Meta-Study on comparisons of organic and conventional farming over 40 years
John P. Reganold and Jonathan M. Wachter (Department of Crop and Soil Sciences, Washington State University) have been looking into studies comparing organic and industrial farming:
„Organic agriculture has a history of being contentious and is considered by some as an inefficient approach to food production. Yet organic foods and beverages are a rapidly growing market segment in the global food industry. Here, we examine the performance of organic farming in light of four key sustainability metrics: productivity, environmental impact, economic viability and social wellbeing.
Organic farming systems produce lower yields compared with conventional agriculture. However, they are more profitable and environmentally friendly, and deliver equally or more nutritious foods that contain less (or no) pesticide residues, compared with conventional farming. Moreover, initial evidence indicates that organic agricultural systems deliver greater ecosystem services and social benefits. [...]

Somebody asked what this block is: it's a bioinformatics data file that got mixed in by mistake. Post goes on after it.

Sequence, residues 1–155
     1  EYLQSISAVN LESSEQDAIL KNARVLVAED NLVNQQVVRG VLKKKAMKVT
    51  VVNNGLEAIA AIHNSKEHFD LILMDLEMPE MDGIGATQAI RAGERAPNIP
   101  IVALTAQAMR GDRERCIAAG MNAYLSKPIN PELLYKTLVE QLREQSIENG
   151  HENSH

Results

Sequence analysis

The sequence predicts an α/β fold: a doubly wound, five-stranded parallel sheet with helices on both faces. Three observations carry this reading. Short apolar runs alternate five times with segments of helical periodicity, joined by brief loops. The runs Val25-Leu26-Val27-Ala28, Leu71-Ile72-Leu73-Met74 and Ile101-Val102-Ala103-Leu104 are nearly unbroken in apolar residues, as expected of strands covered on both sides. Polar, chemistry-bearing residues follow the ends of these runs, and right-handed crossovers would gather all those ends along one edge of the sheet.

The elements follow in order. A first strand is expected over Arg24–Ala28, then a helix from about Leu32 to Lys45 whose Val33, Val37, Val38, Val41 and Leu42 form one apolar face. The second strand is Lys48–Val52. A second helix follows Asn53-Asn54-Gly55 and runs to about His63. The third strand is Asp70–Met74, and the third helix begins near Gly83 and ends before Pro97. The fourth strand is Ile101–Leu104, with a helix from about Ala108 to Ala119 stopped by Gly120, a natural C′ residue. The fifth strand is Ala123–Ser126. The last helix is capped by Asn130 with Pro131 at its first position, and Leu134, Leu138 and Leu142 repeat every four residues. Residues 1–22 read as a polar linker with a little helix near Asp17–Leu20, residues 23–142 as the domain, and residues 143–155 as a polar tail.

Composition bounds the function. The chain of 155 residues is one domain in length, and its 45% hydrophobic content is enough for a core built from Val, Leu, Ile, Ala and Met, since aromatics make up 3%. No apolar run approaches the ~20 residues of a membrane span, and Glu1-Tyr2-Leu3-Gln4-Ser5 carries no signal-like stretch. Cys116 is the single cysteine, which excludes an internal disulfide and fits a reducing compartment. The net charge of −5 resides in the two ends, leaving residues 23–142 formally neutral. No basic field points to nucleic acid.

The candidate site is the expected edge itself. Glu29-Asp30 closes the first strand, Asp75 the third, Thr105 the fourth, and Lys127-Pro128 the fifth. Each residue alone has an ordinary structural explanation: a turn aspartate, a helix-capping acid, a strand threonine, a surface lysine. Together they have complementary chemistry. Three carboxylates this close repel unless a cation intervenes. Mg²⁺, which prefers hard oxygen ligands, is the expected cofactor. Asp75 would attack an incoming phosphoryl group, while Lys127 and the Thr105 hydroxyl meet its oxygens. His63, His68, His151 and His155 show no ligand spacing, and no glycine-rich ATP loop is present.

According to a US National Academy of Sciences report, any farm, be it organic or conventional, can only be deemed sustainable if it produces adequate amounts of high-quality food, enhances the natural-resource base and environment, is financially viable, and contributes to the wellbeing of farmers and their communities. With the rise of organic farming in the past two decades, hundreds of research studies comparing different aspects of organic and conventional farming systems have been published. This section focuses on assessing such comparison studies across these four sustainability areas.“
IWE Berlin, 09.02.2016
Institut für Welternährung e.V.
IBAN: DE54 4306 0967 1138 5065 00 | BIC: GENODEM1GLS
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